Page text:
Liminality – the time and place we find ourselves in
By Major Brendan Nottle - Salvation Army Project Melbourne 614
COVID-19 has caused many emotions to stir within me as I’m sure it has for you.
One of the very strong emotions that I feel is a sense of incredible pride that I feel for so many of our small business owners, be they café, restaurant or Queen Victoria Market (QVM) stallholders.
The common perception, or should I say, misconception, was that small business owners were simply in the business to benefit their own commercial interests. The reality is, they also very much exist to provide employment to numerous individuals which in turn brings much needed support to families right across Victoria. Small businesses in the CBD also bring great benefit to the people who access the city as well as to the city itself. Small businesses play a highly significant role in creating a sense of vibrancy, diversity and creativity to the city, hence attracting visitors from far and wide.
Sadly, as I wander the streets of our city, I see that one in four shop fronts are now closed. The impact of COVID-19 on the CBD has been nothing less than devastating. But still, small business owners keep turning up, plying their trade in the hope that things will improve.
But as my animated conversations with small business owners continued, I was surprised to hear another theme being constantly reprised. I cannot recall the number of times I heard the phrase, “We just need to get back to normal. Once we do that, everything will be fine.” In other words, the hope and belief of many is that things just need to return to what they were before COVID-19 struck, and then we will be able to get on with our lives.
Sadly, I cannot see the days of old ever returning. Even with the roll out of the vaccine, many of us have been so scarred by the COVID induced events of 2020 that it will lead us to maintain our reluctance to warmly hug and shake hands with friends, attend sporting and entertainment events or even visit the city.
This state of flux that restaurants, cafe’s, QVM stall holders and other small business owners feel at the moment is a horrible place to be entrenched in.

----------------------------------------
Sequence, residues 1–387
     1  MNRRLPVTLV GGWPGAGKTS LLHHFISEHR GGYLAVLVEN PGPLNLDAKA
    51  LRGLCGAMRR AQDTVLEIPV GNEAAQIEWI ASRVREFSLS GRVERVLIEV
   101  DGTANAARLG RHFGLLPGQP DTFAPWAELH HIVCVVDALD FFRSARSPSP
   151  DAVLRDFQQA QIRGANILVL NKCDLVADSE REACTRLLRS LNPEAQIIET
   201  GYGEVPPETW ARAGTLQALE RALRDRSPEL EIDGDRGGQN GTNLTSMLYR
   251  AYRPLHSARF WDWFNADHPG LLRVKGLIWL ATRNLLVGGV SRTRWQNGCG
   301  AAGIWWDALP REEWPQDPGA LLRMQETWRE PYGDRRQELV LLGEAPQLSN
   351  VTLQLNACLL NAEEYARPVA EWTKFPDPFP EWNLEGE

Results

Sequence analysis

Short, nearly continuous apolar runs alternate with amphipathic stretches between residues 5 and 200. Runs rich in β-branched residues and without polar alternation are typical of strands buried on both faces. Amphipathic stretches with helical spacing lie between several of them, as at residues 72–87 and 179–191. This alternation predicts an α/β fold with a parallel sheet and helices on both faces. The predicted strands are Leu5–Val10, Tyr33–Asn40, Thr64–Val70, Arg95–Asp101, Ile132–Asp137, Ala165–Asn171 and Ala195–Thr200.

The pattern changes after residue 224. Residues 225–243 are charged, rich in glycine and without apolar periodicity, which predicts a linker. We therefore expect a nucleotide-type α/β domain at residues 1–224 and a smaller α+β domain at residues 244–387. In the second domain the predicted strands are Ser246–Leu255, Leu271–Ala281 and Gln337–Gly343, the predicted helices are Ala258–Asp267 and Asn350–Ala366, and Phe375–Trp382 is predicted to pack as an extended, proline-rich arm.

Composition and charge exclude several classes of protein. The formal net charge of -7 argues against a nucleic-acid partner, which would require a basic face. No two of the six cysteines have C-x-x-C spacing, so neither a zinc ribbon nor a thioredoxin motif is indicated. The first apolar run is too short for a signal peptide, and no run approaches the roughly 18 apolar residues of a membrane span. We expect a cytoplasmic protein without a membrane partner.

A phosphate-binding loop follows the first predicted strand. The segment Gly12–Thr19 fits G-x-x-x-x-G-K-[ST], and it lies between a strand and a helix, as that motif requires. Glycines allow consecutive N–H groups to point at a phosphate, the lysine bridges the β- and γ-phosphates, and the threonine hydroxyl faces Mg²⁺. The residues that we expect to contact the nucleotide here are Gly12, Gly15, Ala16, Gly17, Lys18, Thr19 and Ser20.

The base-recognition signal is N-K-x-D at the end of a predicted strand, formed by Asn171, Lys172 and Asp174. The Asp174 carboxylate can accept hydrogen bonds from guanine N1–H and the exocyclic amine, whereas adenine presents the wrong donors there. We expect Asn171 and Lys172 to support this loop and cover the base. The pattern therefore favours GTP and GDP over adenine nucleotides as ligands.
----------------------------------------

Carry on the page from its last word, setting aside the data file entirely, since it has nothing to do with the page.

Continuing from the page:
It is disorienting, dark and directionless. However, this place that many of us find ourselves in may well have a silver lining. A word to describe where we find ourselves is, “liminality.” It describes that place between what we have had, loved and treasured in the past but no longer have, and what is to come in the future. The reason why liminality or liminal spaces are so confronting and unsettling is simply because we have let go or lost what we have known but we still don’t quite know what the future will look like.
It is absolutely critical that we start to ask ourselves, individually and corporately, what do we want our future to look like in our city? What do we truly value from our past that we want to hold onto? What do we need to let go of and leave behind? What new things do we want to embrace? The future in our city is uncertain, but it is ours to shape.
Surely, it’s time for us all to turn our minds to dreaming about the type of city that we want to metaphorically build going forward. But the reality is that time for talk has well and truly ended. We must begin to strategise and act, not simply based on replicating what we have known. Instead, we need to build a city that creates opportunity for all. A place where everyone can flourish and no-one is left behind.
There is one thing that gives me hope that revival in some form will visit our city again. It is the entrepreneurial, incredibly hard working, “can do” attitude of so many small business owners that make Melbourne the great city that we knew before COVID-19. If we work together and are prepared to create a new vision for our city that is informed but not limited by our past experiences, we will contribute to making Melbourne the thriving, creative city that we all long for it to be •